In the 1960s, menopausal women had their first "estrogen scare" when researchers reported that estrogen therapy alone (estrogen without other hormones) in women who had not had a hysterectomy may lead to an increased risk of uterine cancer. To protect the lining of the uterus, physicians added progestins to the estrogen therapy, resolving this issue for women who had not had a hysterectomy. This new treatment regimen, called combined therapy, was administered using two major treatment protocols: a combined continuous or a cyclic protocol. Combined continuous treatment, where progestin is taken every day along with the estrogen, became the most popular treatment regimen for menopausal women. In the cyclic progestin regimen, the progestin is only dosed for several days of every month or every three months. The use of progestin cyclically, instead of daily, was recommended for women who experienced unpleasant side effects from continuous progestin. Today, bioidentical porgesterone or one of the several synthetic progestins are used for this.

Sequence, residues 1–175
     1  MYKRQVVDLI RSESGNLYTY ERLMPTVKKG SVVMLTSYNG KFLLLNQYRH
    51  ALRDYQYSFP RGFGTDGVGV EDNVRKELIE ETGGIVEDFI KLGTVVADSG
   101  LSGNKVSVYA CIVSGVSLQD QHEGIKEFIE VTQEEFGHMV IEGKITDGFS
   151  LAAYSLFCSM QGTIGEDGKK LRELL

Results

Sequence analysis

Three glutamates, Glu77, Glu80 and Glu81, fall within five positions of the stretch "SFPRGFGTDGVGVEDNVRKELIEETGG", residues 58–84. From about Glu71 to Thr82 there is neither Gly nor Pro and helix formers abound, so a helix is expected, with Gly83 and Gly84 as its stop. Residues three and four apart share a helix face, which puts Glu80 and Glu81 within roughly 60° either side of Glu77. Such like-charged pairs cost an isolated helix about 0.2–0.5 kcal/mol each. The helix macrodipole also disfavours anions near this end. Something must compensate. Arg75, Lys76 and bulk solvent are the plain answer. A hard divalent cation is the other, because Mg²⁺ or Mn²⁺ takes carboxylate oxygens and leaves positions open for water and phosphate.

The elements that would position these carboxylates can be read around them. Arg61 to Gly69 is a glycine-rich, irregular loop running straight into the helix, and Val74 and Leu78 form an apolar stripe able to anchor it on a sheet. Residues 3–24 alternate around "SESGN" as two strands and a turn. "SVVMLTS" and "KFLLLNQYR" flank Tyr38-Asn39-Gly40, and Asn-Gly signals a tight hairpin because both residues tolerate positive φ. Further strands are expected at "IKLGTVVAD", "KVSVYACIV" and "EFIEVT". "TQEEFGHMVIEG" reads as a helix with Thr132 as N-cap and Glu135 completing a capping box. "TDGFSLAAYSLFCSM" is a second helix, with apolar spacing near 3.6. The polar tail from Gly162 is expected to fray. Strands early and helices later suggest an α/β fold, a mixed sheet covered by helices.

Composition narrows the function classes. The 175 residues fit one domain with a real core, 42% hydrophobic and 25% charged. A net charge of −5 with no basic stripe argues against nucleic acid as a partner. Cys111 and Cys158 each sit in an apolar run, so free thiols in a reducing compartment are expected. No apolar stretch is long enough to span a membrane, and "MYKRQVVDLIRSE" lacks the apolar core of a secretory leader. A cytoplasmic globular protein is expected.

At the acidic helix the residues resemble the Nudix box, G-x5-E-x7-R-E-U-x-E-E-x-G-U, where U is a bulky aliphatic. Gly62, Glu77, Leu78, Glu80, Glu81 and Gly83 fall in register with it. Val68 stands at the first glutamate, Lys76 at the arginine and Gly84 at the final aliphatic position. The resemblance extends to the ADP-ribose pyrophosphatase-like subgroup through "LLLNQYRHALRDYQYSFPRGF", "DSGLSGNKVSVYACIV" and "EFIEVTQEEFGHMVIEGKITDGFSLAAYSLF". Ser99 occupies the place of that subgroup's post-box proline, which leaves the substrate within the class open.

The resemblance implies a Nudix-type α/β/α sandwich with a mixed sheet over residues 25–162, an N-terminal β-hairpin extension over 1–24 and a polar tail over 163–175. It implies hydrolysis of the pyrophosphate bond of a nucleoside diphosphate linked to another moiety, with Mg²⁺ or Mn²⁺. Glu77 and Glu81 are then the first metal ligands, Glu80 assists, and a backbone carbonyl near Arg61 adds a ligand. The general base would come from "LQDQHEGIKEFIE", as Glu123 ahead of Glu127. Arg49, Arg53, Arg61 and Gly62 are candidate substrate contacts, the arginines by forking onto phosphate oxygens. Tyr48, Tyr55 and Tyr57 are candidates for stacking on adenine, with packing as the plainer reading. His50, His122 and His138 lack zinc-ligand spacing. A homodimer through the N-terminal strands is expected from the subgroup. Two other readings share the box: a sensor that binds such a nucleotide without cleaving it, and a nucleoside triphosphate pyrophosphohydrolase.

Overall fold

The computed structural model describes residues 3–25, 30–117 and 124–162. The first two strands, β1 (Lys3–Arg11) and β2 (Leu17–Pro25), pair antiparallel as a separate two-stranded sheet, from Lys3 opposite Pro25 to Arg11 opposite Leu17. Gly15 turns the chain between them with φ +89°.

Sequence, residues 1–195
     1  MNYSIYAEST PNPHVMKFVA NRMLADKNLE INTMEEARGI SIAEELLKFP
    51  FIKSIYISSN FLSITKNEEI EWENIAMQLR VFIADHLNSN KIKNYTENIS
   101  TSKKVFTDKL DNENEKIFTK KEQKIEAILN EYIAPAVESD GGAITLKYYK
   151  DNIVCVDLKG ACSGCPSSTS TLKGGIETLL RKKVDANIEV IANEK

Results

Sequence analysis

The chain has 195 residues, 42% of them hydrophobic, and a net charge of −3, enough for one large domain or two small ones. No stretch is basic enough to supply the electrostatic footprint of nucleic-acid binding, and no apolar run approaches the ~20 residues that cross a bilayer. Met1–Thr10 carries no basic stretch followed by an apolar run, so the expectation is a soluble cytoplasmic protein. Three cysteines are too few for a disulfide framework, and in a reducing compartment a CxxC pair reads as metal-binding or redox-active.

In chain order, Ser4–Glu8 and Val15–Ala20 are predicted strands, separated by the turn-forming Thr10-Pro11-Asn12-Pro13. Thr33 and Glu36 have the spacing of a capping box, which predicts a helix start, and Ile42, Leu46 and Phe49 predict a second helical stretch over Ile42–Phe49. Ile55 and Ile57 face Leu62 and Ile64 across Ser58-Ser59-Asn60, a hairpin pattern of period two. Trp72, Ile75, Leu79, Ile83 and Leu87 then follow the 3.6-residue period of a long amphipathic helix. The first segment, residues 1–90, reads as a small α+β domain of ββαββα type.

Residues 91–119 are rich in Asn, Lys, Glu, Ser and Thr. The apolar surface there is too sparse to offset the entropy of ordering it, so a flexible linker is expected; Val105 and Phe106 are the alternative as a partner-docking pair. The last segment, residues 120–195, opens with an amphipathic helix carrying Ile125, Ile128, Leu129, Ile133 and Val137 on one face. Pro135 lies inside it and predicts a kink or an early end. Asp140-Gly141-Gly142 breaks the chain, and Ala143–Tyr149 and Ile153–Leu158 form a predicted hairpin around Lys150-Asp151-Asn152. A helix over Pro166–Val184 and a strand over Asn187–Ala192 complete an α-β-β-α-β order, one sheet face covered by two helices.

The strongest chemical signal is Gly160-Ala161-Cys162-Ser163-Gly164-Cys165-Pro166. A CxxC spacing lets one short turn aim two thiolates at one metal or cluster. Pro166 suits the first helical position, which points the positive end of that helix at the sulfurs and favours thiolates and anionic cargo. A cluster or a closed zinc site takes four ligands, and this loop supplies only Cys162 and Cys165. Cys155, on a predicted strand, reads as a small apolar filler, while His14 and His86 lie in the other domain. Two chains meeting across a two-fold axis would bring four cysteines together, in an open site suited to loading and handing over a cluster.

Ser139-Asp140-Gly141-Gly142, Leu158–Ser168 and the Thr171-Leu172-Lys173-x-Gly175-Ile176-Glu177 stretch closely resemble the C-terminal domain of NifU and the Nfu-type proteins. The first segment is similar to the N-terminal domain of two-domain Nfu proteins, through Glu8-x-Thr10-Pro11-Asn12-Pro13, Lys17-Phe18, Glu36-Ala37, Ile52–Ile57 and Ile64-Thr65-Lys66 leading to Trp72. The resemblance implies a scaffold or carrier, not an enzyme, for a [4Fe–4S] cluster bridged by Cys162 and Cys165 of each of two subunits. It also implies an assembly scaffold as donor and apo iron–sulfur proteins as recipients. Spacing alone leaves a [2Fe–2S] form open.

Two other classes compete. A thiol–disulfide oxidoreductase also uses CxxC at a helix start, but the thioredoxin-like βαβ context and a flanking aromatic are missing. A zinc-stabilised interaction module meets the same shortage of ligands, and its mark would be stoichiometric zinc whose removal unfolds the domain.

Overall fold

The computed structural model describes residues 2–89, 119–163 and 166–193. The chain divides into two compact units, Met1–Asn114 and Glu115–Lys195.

Other Diseases and Quality of Life Issues are Linked to Decreased Estrogen
Numerous women's health studies began to link estrogen deprivation at menopause to a variety of disease states. Research seemed to show that estrogen deprivation was responsible for increased risks of developing cardiovascular disease, osteoporosis, cognitive deficiencies such as memory deficits, the inability to focus, and even Alzheimer's disease. Urogenital symptoms such as bladder dysfunction, vaginal dryness and thinness, and painful intercourse were also recognized as related to the estrogen deficiency syndrome. In addition to hot flashes and night sweats, women in menopause were also widely suffering from difficulty with sleep. Sexual difficulties, including decreased libido, or sexual desire, and difficulties with orgasms, were also regarded as symptoms of estrogen deficiency at menopause.
"Take Estrogen Even If You Don't Have Symptoms"